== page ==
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Predicting Federal Reserve Rate Changes

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Do you ever read the news or watch television and wonder what those speakers mean when they say “the market predicts the Fed will [increase rates/cut rates/do nothing]?” I have.

What they are referring to is the federal funds futures market where traders buy and sell options contracts linked to the federal funds rate. Unlike other options, where an actual asset could be delivered (an oil futures contract is actually a contract to buy or sell oil at a future date), the federal funds futures contract is a little different. Rather than butcher the definition, according to the Federal Reserve Bank of Cleveland:

A fed funds futures contract is an interest rate futures; i.e. a futures contract whose value is based on a fixed-income security or interest rate. The underlying interest rate for the fed funds futures contract is the average daily effective federal funds rate for the delivery month. The final settlement price for a contract is 100 minus this average rate.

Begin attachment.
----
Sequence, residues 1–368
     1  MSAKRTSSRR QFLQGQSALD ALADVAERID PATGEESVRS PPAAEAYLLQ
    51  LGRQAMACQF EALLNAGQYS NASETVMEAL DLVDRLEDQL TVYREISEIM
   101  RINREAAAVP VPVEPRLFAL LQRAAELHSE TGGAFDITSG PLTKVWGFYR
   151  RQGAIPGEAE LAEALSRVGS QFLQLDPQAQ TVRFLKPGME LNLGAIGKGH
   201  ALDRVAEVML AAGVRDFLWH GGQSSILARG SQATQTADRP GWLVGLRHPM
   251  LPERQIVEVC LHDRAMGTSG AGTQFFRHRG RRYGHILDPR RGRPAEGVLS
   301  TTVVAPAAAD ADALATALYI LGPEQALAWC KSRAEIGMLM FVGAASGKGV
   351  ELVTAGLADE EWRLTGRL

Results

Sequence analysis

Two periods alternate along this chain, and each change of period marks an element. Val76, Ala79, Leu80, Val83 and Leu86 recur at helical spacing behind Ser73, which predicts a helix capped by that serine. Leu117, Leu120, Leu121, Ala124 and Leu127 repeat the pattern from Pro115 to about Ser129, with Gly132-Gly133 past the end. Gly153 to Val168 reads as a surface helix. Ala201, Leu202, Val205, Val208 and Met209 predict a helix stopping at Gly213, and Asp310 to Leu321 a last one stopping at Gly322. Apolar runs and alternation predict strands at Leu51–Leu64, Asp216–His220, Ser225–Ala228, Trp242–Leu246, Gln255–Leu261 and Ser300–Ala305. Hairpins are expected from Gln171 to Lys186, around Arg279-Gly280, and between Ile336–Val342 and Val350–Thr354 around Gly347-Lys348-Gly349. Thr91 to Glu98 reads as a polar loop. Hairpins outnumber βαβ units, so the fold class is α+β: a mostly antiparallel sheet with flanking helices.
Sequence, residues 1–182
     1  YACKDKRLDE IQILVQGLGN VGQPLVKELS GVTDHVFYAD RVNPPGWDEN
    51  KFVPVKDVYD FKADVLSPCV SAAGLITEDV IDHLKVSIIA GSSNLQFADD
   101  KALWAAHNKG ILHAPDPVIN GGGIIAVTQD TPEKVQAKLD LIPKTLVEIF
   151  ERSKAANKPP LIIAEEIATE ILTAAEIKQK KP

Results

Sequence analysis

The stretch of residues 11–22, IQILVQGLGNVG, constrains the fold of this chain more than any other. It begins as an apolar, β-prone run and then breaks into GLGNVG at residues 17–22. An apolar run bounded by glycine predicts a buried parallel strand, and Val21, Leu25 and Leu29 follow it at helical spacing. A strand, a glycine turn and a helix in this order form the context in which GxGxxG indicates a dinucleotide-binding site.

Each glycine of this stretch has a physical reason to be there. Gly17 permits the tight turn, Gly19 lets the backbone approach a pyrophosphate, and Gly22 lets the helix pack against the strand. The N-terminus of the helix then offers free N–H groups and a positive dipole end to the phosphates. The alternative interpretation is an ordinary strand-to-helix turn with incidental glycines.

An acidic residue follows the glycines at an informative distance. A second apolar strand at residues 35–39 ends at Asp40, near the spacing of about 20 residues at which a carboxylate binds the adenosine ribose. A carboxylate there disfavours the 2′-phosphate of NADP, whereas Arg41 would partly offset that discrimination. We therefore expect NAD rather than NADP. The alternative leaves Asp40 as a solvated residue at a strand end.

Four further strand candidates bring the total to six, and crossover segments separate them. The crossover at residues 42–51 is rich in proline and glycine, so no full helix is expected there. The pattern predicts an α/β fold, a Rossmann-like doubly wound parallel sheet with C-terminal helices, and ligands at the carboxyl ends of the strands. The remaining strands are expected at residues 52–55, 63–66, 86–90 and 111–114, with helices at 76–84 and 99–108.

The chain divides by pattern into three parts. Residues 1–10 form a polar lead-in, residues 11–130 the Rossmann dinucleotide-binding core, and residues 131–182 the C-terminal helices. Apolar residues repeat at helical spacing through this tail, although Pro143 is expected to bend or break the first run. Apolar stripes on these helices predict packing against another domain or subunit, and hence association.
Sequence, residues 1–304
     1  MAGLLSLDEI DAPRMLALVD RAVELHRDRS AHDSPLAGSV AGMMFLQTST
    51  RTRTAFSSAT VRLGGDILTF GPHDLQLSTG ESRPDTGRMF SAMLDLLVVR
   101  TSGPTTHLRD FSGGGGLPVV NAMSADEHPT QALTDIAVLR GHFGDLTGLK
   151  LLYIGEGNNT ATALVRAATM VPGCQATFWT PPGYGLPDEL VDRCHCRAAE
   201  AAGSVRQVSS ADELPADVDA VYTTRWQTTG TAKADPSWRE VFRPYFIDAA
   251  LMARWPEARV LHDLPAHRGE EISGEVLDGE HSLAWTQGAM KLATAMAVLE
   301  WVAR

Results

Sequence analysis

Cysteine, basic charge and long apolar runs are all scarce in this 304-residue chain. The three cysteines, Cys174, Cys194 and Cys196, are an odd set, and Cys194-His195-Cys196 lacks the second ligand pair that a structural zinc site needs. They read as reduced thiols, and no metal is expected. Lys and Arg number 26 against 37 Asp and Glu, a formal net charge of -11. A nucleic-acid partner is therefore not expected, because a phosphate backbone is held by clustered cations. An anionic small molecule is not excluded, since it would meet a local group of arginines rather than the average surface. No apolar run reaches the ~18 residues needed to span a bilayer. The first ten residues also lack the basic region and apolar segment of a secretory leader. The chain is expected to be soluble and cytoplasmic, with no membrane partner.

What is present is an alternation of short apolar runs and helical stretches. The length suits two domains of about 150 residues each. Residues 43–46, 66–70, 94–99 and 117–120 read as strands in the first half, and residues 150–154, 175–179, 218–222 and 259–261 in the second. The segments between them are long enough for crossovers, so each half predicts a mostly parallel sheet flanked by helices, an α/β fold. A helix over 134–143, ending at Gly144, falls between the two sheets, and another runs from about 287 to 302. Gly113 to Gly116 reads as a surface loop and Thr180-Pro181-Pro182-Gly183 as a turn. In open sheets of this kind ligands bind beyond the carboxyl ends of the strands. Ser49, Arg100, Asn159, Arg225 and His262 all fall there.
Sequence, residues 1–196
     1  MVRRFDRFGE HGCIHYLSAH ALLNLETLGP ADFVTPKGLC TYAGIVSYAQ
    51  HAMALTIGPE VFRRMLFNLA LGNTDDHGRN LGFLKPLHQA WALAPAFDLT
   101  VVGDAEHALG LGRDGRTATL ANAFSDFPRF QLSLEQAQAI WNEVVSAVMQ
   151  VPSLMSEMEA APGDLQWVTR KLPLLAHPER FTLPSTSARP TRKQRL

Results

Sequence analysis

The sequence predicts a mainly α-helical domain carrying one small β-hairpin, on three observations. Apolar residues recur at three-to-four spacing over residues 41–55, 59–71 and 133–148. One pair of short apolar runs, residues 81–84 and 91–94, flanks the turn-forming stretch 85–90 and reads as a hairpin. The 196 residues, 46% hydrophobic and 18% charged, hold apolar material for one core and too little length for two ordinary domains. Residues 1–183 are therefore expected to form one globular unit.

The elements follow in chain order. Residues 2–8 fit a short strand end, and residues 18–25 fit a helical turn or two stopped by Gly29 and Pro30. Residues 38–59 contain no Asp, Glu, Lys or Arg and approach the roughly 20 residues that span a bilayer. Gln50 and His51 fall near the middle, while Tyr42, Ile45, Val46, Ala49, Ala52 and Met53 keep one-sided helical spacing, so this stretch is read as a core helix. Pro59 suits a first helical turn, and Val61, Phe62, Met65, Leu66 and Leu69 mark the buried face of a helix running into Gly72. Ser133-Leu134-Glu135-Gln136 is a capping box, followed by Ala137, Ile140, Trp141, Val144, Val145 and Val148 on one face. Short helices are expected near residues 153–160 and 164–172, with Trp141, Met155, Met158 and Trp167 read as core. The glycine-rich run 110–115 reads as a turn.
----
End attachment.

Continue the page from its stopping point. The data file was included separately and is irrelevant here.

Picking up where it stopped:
When the market “predicts” the next Fed action, it’s really what the wisdom of the masses (the fed futures trading masses) believe, based on their trading actions, what the future federal funds rate will be in the delivery month of the option.

Where can you find this information easily? The Federal Reserve Bank of Cleveland’s Fed Funds Rate Predictions page! It’s updated daily and has tons of information (check out the excel spreadsheet you can download).

How can you use this? Outside of fun trivia, one way to take advantage of this is to avoid buying long term CDs if the prediction says the rates will go up and to buy CDs when the rates are going down. While the predictive ability spans only a few meetings in the future, it can give you a better idea if you’re deciding what to do. Of course, since everything is measured in probabilities, anything can happen.

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One Response to “Predicting Federal Reserve Rate Changes”

  1. This is def. some good info, thanks! It’ll also, in theory, help you to make a better decision if you’re contemplating locking in variable rates such as on HELOC’s and what not…which i’m actually in the process of “figuring out” :)


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